By the way another nice feature of mpv and smplayer is that by toggling the keyboard command o ie oh you bring up via on screen display(osd) in sequence time elapsed /total time .visual progress bar and v to toggle subtitles. Many other niceities too numerous to mention. Incidentally back when I first compiled mpv it wasn't neccessary to update-rpi firmware. Only the later versions of mpv seem to require this update to compile. I did the update bwith some trepidation noting the warning that is given to users of rpi-update, knowing I had more than one sd card bard backed up. I didn't observe any adverse consequences not to say the might be some unnoticed problems that might manifest later.

Another problem I have with some of the mpv versions greater than 21 is that on some of the mpv versions greater than 21 the mpv documentation states that vo-rpi is deprecated and vo-opengl is recommended/ or necessary for the pi.. I was never able to get the vo=opengl to work satisfactorily high cpu dropedd frames etc.

RPi_Mike
Posts: 14
Joined: Sat Dec 09, 2017 12:57 am
Location: United States

Re: TUTORIAL: Play or Encode High-Quality Video and Audio – with FFmpeg and mpv

Wed Dec 20, 2017 1:42 pm

Gadgetguy wrote:
Tue Dec 19, 2017 2:56 pm
In my opinion probably seconded by millions of users( unless you are an extreme minimalist) on other platforms the enjoyment and utility of mpv is greatly enhanced by using it as the engine for the smplayer gui rather than standalone. This is even more true on the Pi .Since you configured your ffmpeg with mmal i presume your video output is in the form of an overlay. This is in my opinion the biggest disadvantage of mpv on the Pi.

Wow, Gadgetguy! That was a tremendous amount of stuff you wrote about SMPlayer – and a whole bunch of other experiences you've had in the past. Don't get me wrong – I'm truly grateful that you appreciate my "well written and sorely needed contribution". But if at all possible, I'd like to keep this thread focused on its designated topic. That topic, of course, is using my tutorial to build FFmpeg and mpv from source code.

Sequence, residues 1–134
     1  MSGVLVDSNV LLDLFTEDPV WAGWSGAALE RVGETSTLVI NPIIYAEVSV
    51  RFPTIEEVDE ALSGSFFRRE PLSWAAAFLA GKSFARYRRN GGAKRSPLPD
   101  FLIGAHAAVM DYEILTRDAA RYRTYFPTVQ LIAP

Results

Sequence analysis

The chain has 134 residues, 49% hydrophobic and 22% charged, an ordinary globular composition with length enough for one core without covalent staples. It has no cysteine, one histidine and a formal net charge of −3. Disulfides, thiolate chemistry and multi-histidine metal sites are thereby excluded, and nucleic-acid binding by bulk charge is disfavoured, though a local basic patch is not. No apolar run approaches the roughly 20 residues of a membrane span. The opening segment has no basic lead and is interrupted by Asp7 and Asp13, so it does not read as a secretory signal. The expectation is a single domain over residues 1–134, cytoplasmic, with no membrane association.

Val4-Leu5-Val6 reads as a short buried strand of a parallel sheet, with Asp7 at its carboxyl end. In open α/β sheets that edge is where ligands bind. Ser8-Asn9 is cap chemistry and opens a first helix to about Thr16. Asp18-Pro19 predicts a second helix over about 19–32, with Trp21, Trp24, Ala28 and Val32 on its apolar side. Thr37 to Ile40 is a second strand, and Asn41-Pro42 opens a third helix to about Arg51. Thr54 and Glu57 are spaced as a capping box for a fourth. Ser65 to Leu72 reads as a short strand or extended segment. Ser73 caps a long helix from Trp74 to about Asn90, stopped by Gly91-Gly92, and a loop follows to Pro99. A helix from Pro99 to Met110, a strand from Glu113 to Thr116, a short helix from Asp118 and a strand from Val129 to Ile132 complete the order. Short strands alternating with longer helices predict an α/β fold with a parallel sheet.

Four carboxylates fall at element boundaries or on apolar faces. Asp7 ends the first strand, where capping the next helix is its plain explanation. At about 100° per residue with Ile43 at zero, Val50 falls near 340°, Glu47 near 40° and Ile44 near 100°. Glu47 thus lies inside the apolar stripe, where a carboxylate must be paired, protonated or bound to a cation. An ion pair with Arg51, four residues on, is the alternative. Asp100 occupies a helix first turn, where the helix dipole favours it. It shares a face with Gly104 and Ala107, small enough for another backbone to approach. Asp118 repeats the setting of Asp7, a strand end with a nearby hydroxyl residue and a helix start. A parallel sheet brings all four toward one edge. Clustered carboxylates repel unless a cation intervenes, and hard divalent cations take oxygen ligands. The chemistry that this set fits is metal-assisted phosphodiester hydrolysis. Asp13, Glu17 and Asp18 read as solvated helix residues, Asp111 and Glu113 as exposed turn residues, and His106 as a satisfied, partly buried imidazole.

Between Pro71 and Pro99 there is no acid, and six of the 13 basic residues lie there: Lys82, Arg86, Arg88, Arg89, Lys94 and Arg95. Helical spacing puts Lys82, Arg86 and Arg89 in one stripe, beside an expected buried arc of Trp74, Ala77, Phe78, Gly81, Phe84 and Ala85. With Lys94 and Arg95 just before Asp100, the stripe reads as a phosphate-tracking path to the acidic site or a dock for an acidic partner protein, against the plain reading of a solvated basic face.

My bigger concern is that less-advanced users might read your exuberant post and think "wow, this SMPlayer sure sounds nifty – it will make RPi_Mike's tutorial even better!!" Unfortunately, it won't do any of that.

As with almost all software in the Raspberry world, a normal user has only one realistic option to acquire SMPlayer – they must run "sudo apt-get install smplayer". That will grab version 16.11.0 from the Raspbian Stretch repository. That version is already more than a year old. And yes, I'm well aware that a user could try building the latest version of SMPlayer from source code – but that's a complicated topic for a separate tutorial in a separate thread. They could also try downloading a pre-built installer from some website. Believe me – I'm well aware of all the possibilities.

Nonetheless, out of curiosity, I just installed the repository's version of SMPlayer. To be blunt, it provides ZERO value to my brand-new build of mpv. All it does is get in the way.

Although it fully recognizes my build of mpv, it simply acts as a file manager without actually doing anything. In other words, if I launch SMPlayer and attempt to open a video inside it, it simply triggers my build of mpv – which then plays the video *OUTSIDE* the SMPLayer GUI. In other words, SMPlayer acts as an "empty middleman" that does nothing. I realize you may have used older, less functional versions of mpv IN THE PAST that "worked great" with SMPlayer. But when it comes to the brand-new version my tutorial builds, historical observations are obviously not relevant. I might add, by the way, that I *ADMIRE* how my build of mpv ASSERTS ITSELF – that it insists on running as a highly efficient overlay, rather than being trapped inside a sluggish GUI environment! That's half the point of mpv.

And yes, there's a chance that if I fiddled around for hours with the older version of SMPlayer – or even the newest version of SMPlayer – I might eventually get mpv to "work" inside the GUI. But that still wouldn't address a much more fundamental issue in my eyes – I don't like the concept of SMPlayer! Even if it did "work".